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HR-23 (2013-2014)

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Amended  IN  Assembly  September 06, 2013


House Resolution
No. 23

Introduced by Assembly Member Bradford
(Coauthors: Assembly Members Achadjian, Alejo, Ammiano, Atkins, Bloom, Bocanegra, Bonilla, Bonta, Brown, Buchanan, Ian Calderon, Campos, Chau, Chávez, Chesbro, Cooley, Daly, Dickinson, Eggman, Fong, Fox, Frazier, Garcia, Gatto, Gomez, Gonzalez, Gordon, Gray, Hall, Roger Hernández, Holden, Jones-Sawyer, Levine, Lowenthal, Medina, Mitchell, Mullin, Muratsuchi, Nazarian, Pan, Perea, John A. Pérez, V. Manuel Pérez, Quirk, Quirk-Silva, Rendon, Salas, Skinner, Stone, Ting, Weber, Wieckowski, Wilk, Williams, and Yamada)

August 08, 2013

Relative to youth.


HR 23, as amended, Bradford.

WHEREAS, The criminalization of African American, Latino, and Asian and Pacific Islander youth continues to pervade our social, educational, political, and cultural systems; and
WHEREAS, Boys and men of color throughout California continue to face unnecessary hurdles in education, in opportunities to work, in public safety, and in other areas based on preconceived notions and fear; and
WHEREAS, The verdict in the case against George Zimmerman for the killing of Trayvon Martin was deeply troubling to many young people and to Californians in general. Many have interpreted the ruling to signify that there are two separate but unequal justice systems for whites and nonwhites, that fearing a black and brown youth can justify the taking of a life, and that simply walking down the street or wearing certain clothes is viewed as criminal; and
WHEREAS, California’s boys and men of color face unique barriers on their road to adulthood. They are more likely to grow up in neighborhoods marked by poverty, violence, underfunded schools, and low-wage jobs; and
WHEREAS, In California, 35 percent of African American youth and 26 percent of Latino youth do not graduate from high school; and
WHEREAS, Young African American men experience homicide rates at least 16 times greater than that of young white men; and
WHEREAS, Racial profiling continues to exist throughout this state, and our young people deserve better; and
WHEREAS, It is essential that all Californians examine their prejudices and biases so that we can work toward a world in which all people are judged by the content of their character and their actions, and not by the color of their skin; and
WHEREAS, All lives are valuable, and none are disposable; and
WHEREAS, All people, regardless of the color of their skin, should be able to enjoy the basic liberty that many of us take for granted, including the freedom to walk down the street; and
WHEREAS, Laws like Florida’s Stand Your Ground law risk escalating minor confrontations with tragic results. We need to find ways to defuse conflicts, and not escalate them; and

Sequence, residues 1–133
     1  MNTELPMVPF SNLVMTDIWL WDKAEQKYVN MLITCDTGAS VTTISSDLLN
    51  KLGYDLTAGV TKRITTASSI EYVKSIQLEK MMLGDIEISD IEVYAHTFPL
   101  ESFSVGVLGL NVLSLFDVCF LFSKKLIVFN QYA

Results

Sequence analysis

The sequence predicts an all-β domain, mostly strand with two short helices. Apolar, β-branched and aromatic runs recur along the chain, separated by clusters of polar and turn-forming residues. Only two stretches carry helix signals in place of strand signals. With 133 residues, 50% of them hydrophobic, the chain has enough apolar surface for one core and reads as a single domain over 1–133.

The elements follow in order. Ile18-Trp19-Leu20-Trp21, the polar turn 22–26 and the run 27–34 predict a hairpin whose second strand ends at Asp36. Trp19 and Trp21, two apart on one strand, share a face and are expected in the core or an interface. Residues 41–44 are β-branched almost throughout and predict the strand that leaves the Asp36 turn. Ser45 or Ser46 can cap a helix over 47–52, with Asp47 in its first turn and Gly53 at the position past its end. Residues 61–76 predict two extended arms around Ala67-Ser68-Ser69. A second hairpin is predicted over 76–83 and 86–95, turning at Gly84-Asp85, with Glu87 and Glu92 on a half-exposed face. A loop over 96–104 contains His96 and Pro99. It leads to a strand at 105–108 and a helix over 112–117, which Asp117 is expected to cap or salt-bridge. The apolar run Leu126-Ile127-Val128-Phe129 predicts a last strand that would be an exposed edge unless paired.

WHEREAS, The best way to honor the memory of Trayvon Martin is to channel our pain and frustration into our work to create an inclusive California in which our communities need not fear our sons and brothers walking down the street; and
WHEREAS, Trayvon Martin’s death is not in vain. The tragedy is a catalyst to create a California that embraces and invests in the health and well-being of all young people. They are a source of strength, creativity, and economic dynamism, and not a group that should be feared or condemned. California’s diversity is its greatest strength and a competitive advantage; and
WHEREAS, The Legislature is taking action through legislation, budget decisions, and through the Legislative oversight function to ensure that the needs of California’s boys and men of color are a priority in state investments and programs; and
WHEREAS, The Assembly has established the Select Committee on the Status of Boys and Men of Color to help put our young people on a road to a healthy and successful adulthood because successful young people are not born, they are nurtured; now, therefore, be it
Resolved by the Assembly of the State of California, That the Assembly encourages the Select Committee on the Status of Boys and Men of Color to continue to advance its legislative agenda to improve the lives of young people of color, including its work to reduce the use of policies and practices that push boys out of school and to instead promote common sense discipline that keeps pupils in school and on track; and be it further
Resolved, That the Assembly encourages the Select Committee on the Status of Boys and Men of Color to deepen its commitment to prepare young men of color for success in the workplace and in the marketplace and to increase the numbers of young men of color who are prepared for jobs and professional careers in the health, education, and green infrastructure sectors; and be it further
Resolved, That the Assembly further encourages the Select Committee on the Status of Boys and Men of Color to support growing state and national efforts to shine a spotlight on the needs and aspirations of young men of color across the United States, including the newly formed Congressional Caucus on Black Men and Boys; and be it further
Resolved, That the Chief Clerk of the Assembly transmit copies of this resolution to the author for appropriate distribution.